Only Mitt Romney survived, never winning big in any of the state primaries or caucuses, but never getting blown out anywhere – winning the nomination by being just crazy enough when a specific setting demanded that, and being general and inoffensive the rest of the time. No one ever knew what he really believed, and by the time the general election rolled around, the party’s unifying message was that Mitt probably wasn’t quite the right man, or very good at politics, but at least he wasn’t Obama. That wasn’t a unified or unifying message, or even a position about anything. The party’s positions were all over the map – on immigration issues and women’s issues and science and everything else. There was something to offend everyone who wasn’t a born-again old white man with a gun or a corporate officer, and in the background the Tea Party seethed. Back in the sixties the antiwar left seethed too – Hubert Humphrey was a joke. It was the same sort of thing. Mitt Romney was the joke this time. He stood for nothing much and represented no one in particular.

The problem now is to find someone who’s not a joke – and everyone in the Republican Party has to agree who that someone is, which is proving to be difficult. The invitations went out for the annual meeting of the Conservative Political Action Conference (CPAC) and it seems they invited only previous jokes – Mitt Romney and Sarah Palin and Herman Cain and so on. Much has been said about their decision not to invite Chris Christie to speak, and the conservative-to-the-bone Ramesh Ponnuru thinks it’s the CPAC crowd who just doesn’t get it:

I wish New Jersey were governed more conservatively: that Christie had not, for example, agreed to expand Medicaid last week on federal taxpayers’ tab. But we’re talking about New Jersey here. It’s a state that last elected a Republican to the Senate in 1972 and last went for a Republican presidential candidate in 1988. It went for President Barack Obama by a larger margin than any other state governed by a Republican.

Conservatives shouldn’t just cut Christie some slack. They ought to listen to him to find out how a pro-life critic of unions has become so popular in unfriendly territory – if, that is, they want the political map of the country to get any redder.

Democrats listened to Bill Clinton when he told his party to cut the crap and see the big picture. Maybe Chris Christie can do the same, and the Washington Post’s Chris Cillizza says they’ve been longing for it:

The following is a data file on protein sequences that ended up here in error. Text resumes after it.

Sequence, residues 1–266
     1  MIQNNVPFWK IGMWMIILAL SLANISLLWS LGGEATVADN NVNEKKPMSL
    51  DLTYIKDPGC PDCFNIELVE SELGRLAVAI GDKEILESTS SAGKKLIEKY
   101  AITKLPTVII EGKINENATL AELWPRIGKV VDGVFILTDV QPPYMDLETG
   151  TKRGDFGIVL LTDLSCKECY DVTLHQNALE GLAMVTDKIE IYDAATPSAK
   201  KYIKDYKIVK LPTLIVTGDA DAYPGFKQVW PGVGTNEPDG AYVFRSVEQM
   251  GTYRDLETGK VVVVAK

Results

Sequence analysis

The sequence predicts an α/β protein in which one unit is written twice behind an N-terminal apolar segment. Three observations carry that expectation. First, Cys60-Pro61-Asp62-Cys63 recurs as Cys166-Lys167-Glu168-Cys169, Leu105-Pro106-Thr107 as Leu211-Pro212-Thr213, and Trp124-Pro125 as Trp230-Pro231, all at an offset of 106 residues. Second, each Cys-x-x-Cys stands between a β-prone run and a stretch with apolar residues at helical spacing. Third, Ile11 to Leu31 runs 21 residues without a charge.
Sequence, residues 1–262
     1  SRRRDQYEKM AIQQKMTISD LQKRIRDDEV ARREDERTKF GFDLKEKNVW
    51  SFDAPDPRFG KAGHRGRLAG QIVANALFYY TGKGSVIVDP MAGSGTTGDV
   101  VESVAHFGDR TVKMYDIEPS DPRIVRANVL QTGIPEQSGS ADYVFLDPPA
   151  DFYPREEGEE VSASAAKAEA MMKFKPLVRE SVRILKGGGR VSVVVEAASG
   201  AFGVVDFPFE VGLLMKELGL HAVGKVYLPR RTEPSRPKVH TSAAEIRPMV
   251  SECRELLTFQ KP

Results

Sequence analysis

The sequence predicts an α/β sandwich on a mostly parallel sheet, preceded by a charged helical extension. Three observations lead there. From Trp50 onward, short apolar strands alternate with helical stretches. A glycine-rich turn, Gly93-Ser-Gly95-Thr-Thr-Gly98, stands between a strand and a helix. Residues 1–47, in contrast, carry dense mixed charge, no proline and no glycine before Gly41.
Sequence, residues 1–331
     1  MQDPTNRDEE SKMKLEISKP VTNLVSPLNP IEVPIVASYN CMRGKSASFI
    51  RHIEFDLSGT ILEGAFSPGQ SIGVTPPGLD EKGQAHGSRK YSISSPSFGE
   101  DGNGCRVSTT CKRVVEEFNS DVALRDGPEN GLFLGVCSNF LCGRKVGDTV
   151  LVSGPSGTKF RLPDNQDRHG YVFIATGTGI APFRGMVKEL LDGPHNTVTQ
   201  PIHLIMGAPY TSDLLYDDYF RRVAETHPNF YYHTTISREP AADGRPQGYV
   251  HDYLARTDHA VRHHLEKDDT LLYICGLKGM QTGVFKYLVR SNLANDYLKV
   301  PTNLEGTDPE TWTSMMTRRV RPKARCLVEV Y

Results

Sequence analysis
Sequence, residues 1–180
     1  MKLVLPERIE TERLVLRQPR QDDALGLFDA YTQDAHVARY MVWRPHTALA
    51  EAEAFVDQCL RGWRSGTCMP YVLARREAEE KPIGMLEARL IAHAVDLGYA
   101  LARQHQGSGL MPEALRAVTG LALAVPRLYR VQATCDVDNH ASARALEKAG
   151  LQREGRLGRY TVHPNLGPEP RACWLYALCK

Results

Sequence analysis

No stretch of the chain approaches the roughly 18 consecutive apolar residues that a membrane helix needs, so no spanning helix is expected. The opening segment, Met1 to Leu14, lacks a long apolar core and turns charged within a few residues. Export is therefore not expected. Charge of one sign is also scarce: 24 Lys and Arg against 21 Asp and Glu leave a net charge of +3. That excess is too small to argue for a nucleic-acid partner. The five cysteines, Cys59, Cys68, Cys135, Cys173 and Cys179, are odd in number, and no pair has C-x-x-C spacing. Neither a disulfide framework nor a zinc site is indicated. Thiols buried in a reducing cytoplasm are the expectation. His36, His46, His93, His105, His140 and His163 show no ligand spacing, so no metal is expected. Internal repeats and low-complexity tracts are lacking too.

In the spring of 2012, many Republicans called on Romney, then the presumptive presidential nominee, to condemn conservative talk radio host Rush Limbaugh for his comments about Georgetown Law School student Sandra Fluke. Romney’s response – “It’s not the language I would have used” – left many establishment Republicans cold. That summer, former New Jersey Gov. Christine Todd Whitman, an outspoken moderate in the party, said that Romney had missed “some moments where I thought he had a freebie” to stand up to the GOP base…

That sort of thing has been in the air, not that it did much good, and there are few Republicans who can pull off any sort of a Sister Souljah Moment:

At the top of that list is former Florida Gov. Jeb Bush whose last name, conservative credentials and status as a Bigfoot in the party would give him the sort of standing necessary to offer a meaningful rebuke to the party base. Florida Sen. Marco Rubio is also on that list and is trying to do a sort of mini-Souljah with his push for an immigration reform plan that included a path to citizenship for undocumented immigrants. And, Louisiana Gov. Bobby Jindal seemed to dabble in a bit of Souljah-ism in a speech to the Republican National Committee last month in which he called on the party to “recalibrate the compass of conservatism.”

No one within the party, however, has stepped forward to make clear that the GOP as currently constituted isn’t a majority party in the country and, unless change is made, won’t be one in 2016 and beyond either.

Someone has to step forward. It’s adapt-or-die time. Get over yourself.

Of course that is easier said than done:

Jeb Bush made a surprising return to the immigration reform debate by announcing he no longer supports a path to citizenship for undocumented immigrants. But after a backlash from immigration activists, he seems to be opening the door the slightest bit to changing his mind once again.

Bush acknowledged his previous backing for a path to citizenship in an interview with CNN’s Jake Tapper on Tuesday.